Prior Knowledge, Information Search
Behaviors, and Performance in Tax
Research Tasks

C. Bryan Cloyd

Abstract

This study examines the effects of prior knowledge on the information search and evaluation behaviors of tax professionals performing a complex tax research task. Despite the importance of tax research tasks to practice, very few studies have investigated the determinants of performance in this task. The results of this study indicate that prior knowledge of relevant tax rules affects (1) the information search strategies tax professionals use, (2) the amount of relevant information located, the attention (in terms of time) paid to relevant information, and the speed with which this information is retrieved, and (3) the ability to discriminate between relevant and non-relevant information. Further, after controlling for the effects of prior knowledge, the results suggest that particular search strategies are related to overall research effectiveness.

Letter from the President

To ATA Members and Visitors,

The American Taxation Association (ATA) is home to a broad group of members with interests in tax research, policy, practice, and education. We are in a time of transition that includes the ongoing pandemic; both AAA’s and ATA’s Diversity, Equity, and Inclusion initiatives; and the CPA Evolution. I thank our members Kirsten Cook, Diana Falsetta, and Annette Nellen for their service in these endeavors. I also thank Tim Rupert for his service as AAA Director focusing on Segments.

Our last mid-year meeting was virtual and could not have happened without our excellent ATA leadership. Thank you to Jeri Seidman, Mollie Adams, Bridget Stromberg, and their respective committees for their flexibility and tenacity in organizing their portions of the conference...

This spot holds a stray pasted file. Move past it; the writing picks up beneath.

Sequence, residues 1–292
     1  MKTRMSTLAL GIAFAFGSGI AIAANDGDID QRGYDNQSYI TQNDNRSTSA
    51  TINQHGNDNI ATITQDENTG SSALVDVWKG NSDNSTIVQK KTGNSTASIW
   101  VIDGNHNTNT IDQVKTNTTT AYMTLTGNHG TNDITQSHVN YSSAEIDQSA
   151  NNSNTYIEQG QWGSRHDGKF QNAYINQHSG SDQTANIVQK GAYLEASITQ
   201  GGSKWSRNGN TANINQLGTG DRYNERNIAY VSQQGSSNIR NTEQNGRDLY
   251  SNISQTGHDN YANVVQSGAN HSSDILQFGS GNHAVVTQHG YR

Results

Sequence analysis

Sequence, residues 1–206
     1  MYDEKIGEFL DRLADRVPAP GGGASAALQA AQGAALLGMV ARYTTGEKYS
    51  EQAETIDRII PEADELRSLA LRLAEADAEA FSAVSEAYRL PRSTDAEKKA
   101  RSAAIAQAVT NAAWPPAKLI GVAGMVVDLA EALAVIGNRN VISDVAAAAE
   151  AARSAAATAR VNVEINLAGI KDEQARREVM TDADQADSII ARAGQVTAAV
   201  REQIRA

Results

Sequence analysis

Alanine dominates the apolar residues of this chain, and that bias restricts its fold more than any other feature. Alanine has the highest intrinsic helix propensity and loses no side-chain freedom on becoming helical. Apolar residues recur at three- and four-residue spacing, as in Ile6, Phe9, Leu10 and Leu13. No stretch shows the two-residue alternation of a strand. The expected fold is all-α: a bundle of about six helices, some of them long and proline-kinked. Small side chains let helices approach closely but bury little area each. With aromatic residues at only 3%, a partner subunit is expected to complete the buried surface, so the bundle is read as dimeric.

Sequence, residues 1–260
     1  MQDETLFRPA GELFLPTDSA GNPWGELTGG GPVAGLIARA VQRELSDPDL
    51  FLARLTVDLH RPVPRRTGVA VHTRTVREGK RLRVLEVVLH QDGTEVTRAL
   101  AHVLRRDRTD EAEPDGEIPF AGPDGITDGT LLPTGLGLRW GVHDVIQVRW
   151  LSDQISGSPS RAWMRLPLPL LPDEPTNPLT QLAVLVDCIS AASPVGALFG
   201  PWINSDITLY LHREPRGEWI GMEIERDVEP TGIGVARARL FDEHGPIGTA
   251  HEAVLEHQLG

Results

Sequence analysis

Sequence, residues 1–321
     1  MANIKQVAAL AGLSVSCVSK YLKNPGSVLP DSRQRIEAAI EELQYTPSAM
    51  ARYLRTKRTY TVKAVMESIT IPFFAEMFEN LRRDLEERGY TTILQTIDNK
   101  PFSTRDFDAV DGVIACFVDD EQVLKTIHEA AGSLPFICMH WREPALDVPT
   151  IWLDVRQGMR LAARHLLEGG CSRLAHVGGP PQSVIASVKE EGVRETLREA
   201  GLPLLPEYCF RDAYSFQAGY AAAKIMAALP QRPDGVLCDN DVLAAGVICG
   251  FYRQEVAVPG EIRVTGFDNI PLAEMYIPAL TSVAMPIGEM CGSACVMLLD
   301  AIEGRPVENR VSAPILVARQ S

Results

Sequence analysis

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Anna Catherine Fowler

In Memoriam,
Anna Catherine Fowler received her BS in accounting from the University of Alabama, after which she practiced for several years as a CPA. After moving to Texas with her husband Jim, she earned her MBA and PhD from the University of Texas at Austin.

She joined the faculty of the business school of the University of Texas in 1977 as the first female tenure track professor hired by the accounting department. She remained at UT until she retired in 2004 as the John Arch White Emeritus Professor in Business.

During Anna’s distinguished academic career, her research and teaching interests focused on estate and gift taxation. She was an active member of the AICPA’s Tax Division and the American Taxation Association, for which she served as 1993-94 president.

In 2002, Anna received the American Taxation Association’s highest honor, the Ray M. Sommerfeld Outstanding Tax Educator Award. She also received the Texas Society of CPA’s Outstanding Educator Award.

Anna and Jim made the most of their retirement years, delighting in travel all over the world. They finally settled in a retirement community in Chapel Hill, North Carolina. Even after Jim’s death in 2019, Anna continued to travel with friends, root for her beloved Alabama football team, and live her life to the fullest. She passed away peacefully on October 19, 2021.